Saving money at CVS has become one of my hobbies. Daughter Jeana (daystocome) piqued my interest, and then I discovered moneysavingmom.com, where you can find weekly scenarios for saving lots of money.
Wick is fascinated with CVS sales and Extra Care Bucks (aka ECBs), and how much stuff I bring home, with so little out of pocket. ECBs can be spent like cash in any CVS. In order to get them, you will need to fill out a form at the store or on line, and get a loyalty card.
Yesterday I had a list, some coupons, about $7 in ECBs, and a $3 off $15 purchase coupon, so I was ready to prowl the aisles at our local CVS.
Here's what happened when I went to CVS yesterday:
1. I had a rain check from last month, when Soft Soap Spa body wash was $4.99, with $4.99 Extra care Bucks (ECBs), for 4 bottles. CVS was out every time I went in last month, so I got two rain checks, for a total of 8 bottles. (Their rain checks are available for any product they run a sale on, and do not expire.) Instead of the ECBs, which were for last month, I got 4 bottles of body wash for free, a 19.96 value.
2. I had a coupon for Tums 3 pack, plus ECBs equal to the purchase price--meaning I actually made money on that deal.
3. Same with Rolaids.
4. Tide $5.99, with $1 coupon, plus $2 ECBs on each, and I bought 2 bottles.
5. Aquafresh toothpaste, $2 ECBs, plus a $1 coupon, so I got overage (more in return than I spent) on that.
6. I had a $3 off $15 purchase coupon from CVS (sign up to receive e-mails from them), and my total of merchandise was over $15.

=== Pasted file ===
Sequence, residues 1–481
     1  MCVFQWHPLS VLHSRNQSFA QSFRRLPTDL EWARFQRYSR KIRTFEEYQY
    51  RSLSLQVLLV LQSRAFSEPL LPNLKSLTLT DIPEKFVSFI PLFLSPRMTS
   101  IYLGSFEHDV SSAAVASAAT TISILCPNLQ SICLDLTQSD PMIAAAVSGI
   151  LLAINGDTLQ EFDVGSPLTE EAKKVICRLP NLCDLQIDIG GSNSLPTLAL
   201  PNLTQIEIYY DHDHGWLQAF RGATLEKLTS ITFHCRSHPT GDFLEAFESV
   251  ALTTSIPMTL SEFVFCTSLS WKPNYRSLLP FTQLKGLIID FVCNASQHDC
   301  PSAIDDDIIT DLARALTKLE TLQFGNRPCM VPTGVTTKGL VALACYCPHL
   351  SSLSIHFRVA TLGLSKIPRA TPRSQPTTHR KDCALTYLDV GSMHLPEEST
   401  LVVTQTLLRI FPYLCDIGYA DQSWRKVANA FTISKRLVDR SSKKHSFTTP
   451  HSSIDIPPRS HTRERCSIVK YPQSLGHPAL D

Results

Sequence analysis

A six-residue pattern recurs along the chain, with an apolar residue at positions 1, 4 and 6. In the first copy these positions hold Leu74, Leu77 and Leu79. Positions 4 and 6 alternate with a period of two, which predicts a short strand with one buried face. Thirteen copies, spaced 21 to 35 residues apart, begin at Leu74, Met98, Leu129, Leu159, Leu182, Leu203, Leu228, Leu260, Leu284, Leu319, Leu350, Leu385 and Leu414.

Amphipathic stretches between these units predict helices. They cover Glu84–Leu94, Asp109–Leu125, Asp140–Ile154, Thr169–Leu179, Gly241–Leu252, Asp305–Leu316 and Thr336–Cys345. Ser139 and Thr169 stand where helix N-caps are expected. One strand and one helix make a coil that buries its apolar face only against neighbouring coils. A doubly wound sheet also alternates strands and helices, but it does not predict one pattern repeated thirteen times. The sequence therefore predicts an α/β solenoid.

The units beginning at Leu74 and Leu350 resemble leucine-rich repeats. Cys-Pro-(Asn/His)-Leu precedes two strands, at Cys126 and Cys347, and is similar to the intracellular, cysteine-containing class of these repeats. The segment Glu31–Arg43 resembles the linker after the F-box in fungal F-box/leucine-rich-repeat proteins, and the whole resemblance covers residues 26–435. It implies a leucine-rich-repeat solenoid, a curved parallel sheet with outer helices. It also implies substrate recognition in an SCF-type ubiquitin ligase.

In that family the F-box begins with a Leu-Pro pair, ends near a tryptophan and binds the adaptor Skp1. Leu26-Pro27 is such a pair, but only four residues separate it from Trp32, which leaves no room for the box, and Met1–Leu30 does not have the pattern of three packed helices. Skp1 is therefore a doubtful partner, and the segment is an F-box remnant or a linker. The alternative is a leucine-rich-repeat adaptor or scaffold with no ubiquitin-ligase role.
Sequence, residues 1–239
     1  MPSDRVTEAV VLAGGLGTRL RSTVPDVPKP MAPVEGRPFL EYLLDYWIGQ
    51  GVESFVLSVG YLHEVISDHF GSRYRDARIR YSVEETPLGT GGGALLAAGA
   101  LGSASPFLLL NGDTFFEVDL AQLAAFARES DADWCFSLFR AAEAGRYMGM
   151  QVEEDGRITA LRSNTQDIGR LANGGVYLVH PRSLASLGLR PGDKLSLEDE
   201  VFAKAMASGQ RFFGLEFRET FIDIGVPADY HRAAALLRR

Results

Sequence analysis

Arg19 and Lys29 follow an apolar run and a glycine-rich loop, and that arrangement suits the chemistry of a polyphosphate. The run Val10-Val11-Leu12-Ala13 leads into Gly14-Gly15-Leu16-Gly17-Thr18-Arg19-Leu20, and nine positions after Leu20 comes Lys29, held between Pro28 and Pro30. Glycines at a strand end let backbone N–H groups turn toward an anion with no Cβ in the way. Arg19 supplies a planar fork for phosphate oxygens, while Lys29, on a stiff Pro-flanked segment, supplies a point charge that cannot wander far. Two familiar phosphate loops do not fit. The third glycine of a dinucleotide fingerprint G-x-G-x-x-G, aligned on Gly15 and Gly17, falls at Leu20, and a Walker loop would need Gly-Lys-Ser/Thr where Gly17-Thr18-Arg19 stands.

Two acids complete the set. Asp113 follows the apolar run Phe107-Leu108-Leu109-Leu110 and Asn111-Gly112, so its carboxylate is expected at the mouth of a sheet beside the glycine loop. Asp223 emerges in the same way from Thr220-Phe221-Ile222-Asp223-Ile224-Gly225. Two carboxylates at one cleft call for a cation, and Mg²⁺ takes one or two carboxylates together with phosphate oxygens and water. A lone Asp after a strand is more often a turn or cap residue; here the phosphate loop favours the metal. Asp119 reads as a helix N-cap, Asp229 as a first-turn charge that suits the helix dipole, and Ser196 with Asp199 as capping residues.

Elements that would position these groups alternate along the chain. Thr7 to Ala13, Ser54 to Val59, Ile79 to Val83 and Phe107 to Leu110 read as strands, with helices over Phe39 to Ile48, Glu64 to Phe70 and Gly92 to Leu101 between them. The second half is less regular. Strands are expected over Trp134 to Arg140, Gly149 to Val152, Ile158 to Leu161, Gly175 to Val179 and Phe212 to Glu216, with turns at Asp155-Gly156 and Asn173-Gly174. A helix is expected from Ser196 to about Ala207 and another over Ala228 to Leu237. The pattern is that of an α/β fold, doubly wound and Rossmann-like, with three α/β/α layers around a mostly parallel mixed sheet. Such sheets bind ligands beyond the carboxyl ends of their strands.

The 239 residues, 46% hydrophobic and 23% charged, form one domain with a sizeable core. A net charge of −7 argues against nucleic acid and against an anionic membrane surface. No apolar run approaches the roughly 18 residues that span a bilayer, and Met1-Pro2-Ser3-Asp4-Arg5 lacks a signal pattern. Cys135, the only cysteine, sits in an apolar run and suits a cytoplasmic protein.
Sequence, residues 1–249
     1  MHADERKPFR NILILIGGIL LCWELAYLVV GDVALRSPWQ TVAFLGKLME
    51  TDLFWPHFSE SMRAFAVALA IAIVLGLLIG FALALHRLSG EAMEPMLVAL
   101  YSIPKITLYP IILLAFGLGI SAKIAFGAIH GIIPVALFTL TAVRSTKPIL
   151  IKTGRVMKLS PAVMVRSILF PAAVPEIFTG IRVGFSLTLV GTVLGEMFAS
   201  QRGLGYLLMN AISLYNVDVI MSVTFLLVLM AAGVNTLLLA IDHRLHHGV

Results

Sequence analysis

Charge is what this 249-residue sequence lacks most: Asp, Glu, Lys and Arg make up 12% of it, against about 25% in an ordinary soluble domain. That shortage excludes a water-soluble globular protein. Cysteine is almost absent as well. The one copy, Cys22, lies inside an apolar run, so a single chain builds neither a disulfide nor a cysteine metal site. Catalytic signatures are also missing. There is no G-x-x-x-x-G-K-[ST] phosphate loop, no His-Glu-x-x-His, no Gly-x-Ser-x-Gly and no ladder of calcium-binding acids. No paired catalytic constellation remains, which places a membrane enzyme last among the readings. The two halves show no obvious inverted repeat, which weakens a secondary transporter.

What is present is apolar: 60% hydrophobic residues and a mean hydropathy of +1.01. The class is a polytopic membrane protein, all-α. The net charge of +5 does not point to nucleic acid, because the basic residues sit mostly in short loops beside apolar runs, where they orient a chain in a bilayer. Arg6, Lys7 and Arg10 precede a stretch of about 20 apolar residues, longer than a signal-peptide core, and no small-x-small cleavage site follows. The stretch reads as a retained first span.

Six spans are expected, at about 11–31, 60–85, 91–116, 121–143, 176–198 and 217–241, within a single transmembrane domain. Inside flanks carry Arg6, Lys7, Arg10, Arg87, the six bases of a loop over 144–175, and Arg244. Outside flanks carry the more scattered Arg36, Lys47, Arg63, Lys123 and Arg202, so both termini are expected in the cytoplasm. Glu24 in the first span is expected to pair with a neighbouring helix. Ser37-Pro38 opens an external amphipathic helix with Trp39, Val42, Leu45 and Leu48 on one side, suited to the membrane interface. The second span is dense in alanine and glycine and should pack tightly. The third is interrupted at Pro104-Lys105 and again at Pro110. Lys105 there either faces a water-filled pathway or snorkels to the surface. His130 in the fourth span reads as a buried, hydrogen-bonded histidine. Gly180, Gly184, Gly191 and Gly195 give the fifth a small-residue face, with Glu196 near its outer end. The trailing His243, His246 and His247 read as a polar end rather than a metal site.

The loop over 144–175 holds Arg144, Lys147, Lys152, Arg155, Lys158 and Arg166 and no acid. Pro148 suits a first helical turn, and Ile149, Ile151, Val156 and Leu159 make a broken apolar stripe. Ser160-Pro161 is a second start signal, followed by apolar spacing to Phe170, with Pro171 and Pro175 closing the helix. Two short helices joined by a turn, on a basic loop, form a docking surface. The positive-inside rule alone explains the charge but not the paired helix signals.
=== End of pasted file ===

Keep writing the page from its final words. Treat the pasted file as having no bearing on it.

7. Allergy meds CVS brand, received ECBs equal to the purchase price.
8. Excedrin, received ECBs equal to purchase price of $1.99, plus had a $2 off coupon--in effect, they paid me to take the product home.
9. I bought bandaids on sale, even though I didn't have a coupon, because I was out of them, and didn't get them when they were an ECB item.
I walked out with a total of almost $45 in products, paid $11.76 out of pocket, and received $11.78 in ECBs to use next week, so I "made" two cents for shopping at CVS this week.
If you get serious about doing this, buy the Sunday paper in the double bundle (two papers for $2), and start clipping coupons (I learned that from Jeana). Usually the best deals will be a couple of weeks after the coupon comes out, so hang on to it. I have a little coupon file with dividers to keep things organized--a tab for health and beauty, a tab for paper goods, a tab for dairy, a tab for canned/frozen, etc. Keep it in your car, so you always have access to it when you are out and about.
Kroger will double coupons on certain days, so watch the sales, match the coupons with the sales, and shop on double coupon days.
One thing I have learned is that I can not be "brand loyal" if I want the best deals. Another thing is that we now get better quality stuff (brand name shampoos, toothpastes, and so forth) for less money than the generic. And by stocking up when stuff is free, I have an abundance to share with those in need.
On the moneysaving mom blog site, she has a CVS 101 and Walgreens 101, to help people get started, and to explain how each store's system works. Look in the left hand list of previous posts.
CVS, to me, is simpler than Walgreens; many of Walgreens' best deals involve rebates, which I am bad about filing and mailing for, but some people really like getting that check in the mail periodically. Or you can now have the rebates loaded onto your Walgreens saver card, to use like cash at any Walgreens store. They also have what they call Register Rewards, similar to the ECBs at CVS.
In addition to saving money, shopping this way has become a game. If I walk out with at least as much in ECBs as I walked into the store with, I feel as if I "won" this week. I'm no expert, but I am learning to play the game, save some money, and enjoy the process.
Also, learning to shop this way is a sort of dress rehearsal for retirement, when it will be even more vital to make every penny count.